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BAC Student Profile: Phil Reville

The BAC welcomes students from all over the world to study architecture and design. Each month, we'll introduce you to a BAC student to learn more about their BAC experience, how their interest in design began, which architects and designers inspire them, and more. This month, we introduce you to Phil Reville.

Name: Phil Reville

Hometown: Armonk, New York

Program/Expected Graduation Date: M. Arch/December 2017

How did your interest in architecture/design begin?

For as long as I can remember, I have been interested in the built environment. I grew up surrounded by the colonial homes and quaint towns of Westchester County, a short train ride from the incredible superstructures and urban neighborhoods of New York City. Navigating through these seemingly opposite yet adjacent worlds, I grew fascinated by the qualities that make places like these feel the way that they do. Moreover, I am interested in the qualities of these places that people respond to, the spaces that people hate or love.

What made you want to study at the BAC?

Initially, I was attracted to the BAC for its great location within Boston and the practice component of the curriculum that would allow me to continue to work professionally while returning to school. It wasn't until I visited the school in person however, that I knew that the BAC would really be a great fit. I was drawn to the intimacy of the school and the close-knit community here that really defines the place. Even within one of the busiest neighborhoods of Boston, the BAC seems to exist as a microcosm, made up of people from all over brought together and kept together by a passion for design.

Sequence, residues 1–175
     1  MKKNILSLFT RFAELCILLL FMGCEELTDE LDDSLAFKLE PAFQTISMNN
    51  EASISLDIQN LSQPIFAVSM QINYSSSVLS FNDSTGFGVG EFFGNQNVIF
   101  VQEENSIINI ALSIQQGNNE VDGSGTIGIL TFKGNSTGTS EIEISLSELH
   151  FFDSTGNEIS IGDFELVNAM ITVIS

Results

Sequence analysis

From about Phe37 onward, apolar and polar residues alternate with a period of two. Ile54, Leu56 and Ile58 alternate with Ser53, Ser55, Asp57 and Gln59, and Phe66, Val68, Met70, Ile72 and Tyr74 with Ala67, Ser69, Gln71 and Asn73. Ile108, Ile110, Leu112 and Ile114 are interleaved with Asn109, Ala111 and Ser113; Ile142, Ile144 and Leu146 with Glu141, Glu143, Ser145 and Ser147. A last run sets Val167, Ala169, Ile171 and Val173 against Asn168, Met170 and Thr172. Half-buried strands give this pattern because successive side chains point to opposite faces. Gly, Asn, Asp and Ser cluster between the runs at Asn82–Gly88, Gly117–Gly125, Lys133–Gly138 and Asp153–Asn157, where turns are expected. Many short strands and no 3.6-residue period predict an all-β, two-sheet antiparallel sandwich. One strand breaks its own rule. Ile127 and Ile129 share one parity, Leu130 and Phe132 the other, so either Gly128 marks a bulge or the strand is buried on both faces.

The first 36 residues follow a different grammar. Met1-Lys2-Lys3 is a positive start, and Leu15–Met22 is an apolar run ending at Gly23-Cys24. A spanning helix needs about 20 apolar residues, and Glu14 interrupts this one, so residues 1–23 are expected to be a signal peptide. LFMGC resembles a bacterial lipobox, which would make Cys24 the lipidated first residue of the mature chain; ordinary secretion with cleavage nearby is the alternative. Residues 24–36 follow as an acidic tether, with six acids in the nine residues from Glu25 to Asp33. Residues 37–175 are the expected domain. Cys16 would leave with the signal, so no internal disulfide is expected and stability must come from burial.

What has your BAC experience been like?

I have certainly been surprised by the BAC. I was ready to study architecture, but doing so at the BAC has been much more than that. The comradery amongst students is amazing. There is an unspoken bond between BAC students because of the demanding and unique nature of the program. I have made lifelong friends here. I have also loved the freedom that comes with a school that is so individually tailored. Not only have I been able to structure the program according to my schedule, but doing so has meant that I could really capitalize on gaining work experience while attending school.

What is your favorite thing about studying architecture and design in Boston?

More than anything, I am fascinated with the way that this city has physically evolved. From a small peninsula of wonky roads, Boston has grown to become one of the largest cities in the country. That change can be visibly traced on a map of the city, and has resulted in a dynamic urban fabric that is great to explore.

Who is your favorite architect/designer and why?

While it is tough to name just one, I would have to say Kengo Kuma - specifically his more recent work. I am incredibly interested in wood as a material, for its aesthetic and physical qualities and its flexibility in application. Kengo Kuma has, in recent years, really explored wood as a material, working often with traditional Japanese wood joinery as well as experimenting with wood structurally.

What are your architectural/design dreams and goals?

I plan to one day have my own design firm. I would love to work across all sectors and scales. People experience small details just as they experience huge cities, and I would love to make those experiences better, however possible!